Depleted uranium once used in S. Korean weapons
October 22, 2004

Representative Cho Seung-soo of the Democratic Labor Party and the environmental group Green Korea United said yesterday that the Korea Atomic Energy Research Institute had produced anti-tank shells in the 1980s made from depleted uranium, alloyed with titanium.

They claimed that the Ministry of Science and Technology had hidden the fact.

In response, the ministry said, “We applied for an inspection waiver for development of uranium armaments and received permission in 1987.” The ministry said that it has discussed the production with the United States from an early stage.

The ministry said the shells were destroyed in 1989 with U.S. Embassy officials present when they no longer had commercial value. Depleted uranium is a dense, non-fissile metal.


S Korean munitions violated N-accord

The News International
October 22, 2004

SEOUL: South Korea produced anti-tank munitions in the 1980s using depleted uranium imported for non-military use and failed to make required disclosures, a South Korean lawmaker and an environmental group said on Thursday.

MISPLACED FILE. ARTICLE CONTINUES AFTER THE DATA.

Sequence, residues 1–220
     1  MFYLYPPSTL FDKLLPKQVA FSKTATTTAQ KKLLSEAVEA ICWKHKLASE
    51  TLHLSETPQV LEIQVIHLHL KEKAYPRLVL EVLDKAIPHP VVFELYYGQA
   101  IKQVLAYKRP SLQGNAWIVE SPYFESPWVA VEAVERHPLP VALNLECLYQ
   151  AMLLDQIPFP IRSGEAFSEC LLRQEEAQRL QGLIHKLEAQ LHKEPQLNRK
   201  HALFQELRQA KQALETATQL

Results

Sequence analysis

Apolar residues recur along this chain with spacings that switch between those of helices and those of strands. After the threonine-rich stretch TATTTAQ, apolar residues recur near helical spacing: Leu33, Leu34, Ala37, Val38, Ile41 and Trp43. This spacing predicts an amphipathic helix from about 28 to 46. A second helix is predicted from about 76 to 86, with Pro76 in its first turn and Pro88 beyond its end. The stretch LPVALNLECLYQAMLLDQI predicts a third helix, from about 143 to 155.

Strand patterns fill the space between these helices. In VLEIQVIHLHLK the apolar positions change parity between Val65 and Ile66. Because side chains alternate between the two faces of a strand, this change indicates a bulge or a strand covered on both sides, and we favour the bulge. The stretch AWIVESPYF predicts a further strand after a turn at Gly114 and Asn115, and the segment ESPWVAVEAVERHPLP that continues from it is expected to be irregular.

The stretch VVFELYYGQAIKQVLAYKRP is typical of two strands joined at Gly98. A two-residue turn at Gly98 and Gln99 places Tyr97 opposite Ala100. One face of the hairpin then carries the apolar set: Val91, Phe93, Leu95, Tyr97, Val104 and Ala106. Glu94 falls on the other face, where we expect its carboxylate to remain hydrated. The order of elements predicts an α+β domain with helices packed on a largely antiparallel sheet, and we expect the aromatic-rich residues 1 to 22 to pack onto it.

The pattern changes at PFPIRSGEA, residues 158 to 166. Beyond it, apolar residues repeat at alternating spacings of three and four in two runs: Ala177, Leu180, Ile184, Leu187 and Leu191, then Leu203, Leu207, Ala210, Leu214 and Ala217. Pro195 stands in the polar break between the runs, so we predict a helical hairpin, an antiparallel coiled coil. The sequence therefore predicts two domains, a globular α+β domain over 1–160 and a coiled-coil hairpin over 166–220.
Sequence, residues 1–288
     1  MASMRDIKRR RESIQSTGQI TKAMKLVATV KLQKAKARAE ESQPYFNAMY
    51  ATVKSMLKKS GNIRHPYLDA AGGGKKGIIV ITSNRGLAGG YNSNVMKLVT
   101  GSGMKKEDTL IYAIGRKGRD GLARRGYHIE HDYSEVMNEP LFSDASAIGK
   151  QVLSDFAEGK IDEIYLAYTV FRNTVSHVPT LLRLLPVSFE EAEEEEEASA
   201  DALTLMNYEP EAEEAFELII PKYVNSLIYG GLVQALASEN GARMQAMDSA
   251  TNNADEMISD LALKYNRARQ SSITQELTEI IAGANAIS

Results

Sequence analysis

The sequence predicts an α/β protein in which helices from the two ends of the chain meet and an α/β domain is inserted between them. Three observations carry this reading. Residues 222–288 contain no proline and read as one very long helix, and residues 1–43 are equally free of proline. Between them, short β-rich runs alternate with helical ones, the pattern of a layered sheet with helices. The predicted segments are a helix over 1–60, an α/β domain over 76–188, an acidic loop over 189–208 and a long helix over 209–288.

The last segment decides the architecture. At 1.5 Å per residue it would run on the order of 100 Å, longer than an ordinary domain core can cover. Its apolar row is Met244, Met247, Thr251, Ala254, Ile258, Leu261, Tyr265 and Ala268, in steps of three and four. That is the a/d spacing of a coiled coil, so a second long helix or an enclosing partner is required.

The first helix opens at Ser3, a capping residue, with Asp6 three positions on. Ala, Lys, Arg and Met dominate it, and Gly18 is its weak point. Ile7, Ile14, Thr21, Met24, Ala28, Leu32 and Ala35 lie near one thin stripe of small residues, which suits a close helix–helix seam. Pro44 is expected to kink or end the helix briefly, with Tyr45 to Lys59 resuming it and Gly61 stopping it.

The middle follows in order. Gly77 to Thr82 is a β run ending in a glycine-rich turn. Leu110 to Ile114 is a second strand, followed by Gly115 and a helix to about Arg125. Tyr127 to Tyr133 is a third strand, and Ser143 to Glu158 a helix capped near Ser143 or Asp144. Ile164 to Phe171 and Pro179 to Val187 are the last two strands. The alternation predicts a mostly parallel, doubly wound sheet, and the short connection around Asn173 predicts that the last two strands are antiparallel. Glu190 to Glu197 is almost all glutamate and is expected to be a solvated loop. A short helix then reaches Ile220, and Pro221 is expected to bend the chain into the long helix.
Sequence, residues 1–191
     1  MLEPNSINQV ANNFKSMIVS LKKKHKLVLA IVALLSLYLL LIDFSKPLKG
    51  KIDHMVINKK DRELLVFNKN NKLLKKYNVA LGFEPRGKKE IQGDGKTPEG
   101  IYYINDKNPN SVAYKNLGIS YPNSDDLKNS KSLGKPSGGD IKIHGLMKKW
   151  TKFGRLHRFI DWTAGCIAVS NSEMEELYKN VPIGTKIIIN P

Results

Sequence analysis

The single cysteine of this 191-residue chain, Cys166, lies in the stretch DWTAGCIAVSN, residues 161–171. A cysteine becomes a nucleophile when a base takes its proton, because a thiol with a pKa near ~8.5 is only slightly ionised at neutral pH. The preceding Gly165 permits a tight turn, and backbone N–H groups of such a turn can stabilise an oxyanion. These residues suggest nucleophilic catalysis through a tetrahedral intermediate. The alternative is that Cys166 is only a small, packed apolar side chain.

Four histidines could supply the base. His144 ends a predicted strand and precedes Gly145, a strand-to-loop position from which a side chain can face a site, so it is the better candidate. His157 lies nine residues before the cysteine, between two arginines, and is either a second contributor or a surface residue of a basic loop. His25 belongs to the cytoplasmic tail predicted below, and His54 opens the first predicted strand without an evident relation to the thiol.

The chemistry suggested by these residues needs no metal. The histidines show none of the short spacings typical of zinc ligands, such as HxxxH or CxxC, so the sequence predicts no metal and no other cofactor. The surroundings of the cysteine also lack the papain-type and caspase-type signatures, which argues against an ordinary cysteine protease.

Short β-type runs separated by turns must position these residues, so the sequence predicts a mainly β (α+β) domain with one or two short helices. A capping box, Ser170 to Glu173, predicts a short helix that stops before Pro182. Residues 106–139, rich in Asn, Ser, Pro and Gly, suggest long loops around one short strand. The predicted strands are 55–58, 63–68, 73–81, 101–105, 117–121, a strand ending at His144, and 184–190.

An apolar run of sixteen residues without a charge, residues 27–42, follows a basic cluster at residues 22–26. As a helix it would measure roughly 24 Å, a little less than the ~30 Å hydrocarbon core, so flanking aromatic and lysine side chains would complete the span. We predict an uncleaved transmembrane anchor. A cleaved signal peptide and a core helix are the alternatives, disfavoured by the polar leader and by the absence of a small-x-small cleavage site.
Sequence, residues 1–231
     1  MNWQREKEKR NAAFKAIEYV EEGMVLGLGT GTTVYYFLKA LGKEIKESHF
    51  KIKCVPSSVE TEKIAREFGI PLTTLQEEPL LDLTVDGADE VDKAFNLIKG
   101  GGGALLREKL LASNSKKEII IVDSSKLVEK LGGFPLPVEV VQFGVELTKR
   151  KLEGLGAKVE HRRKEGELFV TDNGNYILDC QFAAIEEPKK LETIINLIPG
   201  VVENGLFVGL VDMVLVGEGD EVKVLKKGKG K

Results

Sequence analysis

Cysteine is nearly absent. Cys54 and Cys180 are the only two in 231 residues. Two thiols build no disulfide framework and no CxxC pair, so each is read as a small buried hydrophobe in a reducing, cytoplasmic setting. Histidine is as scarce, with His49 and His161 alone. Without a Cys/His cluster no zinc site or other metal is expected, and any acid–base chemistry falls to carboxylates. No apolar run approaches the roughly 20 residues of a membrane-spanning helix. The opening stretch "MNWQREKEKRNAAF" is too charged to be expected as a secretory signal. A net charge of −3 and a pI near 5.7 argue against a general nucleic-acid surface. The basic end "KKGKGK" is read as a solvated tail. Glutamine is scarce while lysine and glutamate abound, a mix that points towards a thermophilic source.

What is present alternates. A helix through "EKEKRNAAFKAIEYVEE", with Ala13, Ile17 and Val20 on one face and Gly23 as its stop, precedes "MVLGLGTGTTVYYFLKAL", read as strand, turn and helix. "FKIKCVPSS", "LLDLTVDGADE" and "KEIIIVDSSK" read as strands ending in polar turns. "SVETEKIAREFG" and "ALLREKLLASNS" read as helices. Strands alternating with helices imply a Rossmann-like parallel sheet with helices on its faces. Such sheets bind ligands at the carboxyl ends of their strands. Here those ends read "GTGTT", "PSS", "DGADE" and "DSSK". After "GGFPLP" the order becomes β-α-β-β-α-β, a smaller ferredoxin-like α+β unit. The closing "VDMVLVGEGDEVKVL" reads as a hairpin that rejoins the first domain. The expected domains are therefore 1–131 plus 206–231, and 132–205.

A government official said depleted-uranium munitions were produced for five years and the government had told the International Atomic Energy Agency (IAEA) in 1987 when the programme was ended.

Depleted uranium is a by-product of nuclear fuel production. It can be used to strengthen ammunition and enable it to penetrate armour.

The disclosure comes at a sensitive time for South Korea, which said in September some of its scientists had enriched a small amount of uranium in 2000 and separated plutonium in 1982.

The government said scientists purely out of curiosity conducted those tests, although the IAEA said the failure to disclose them was a matter of serious concern.

South Korea is involved in international efforts to get communist North Korea to give up its nuclear weapons ambitions but the North has said it would not resume talks until an investigation of the South tests was complete.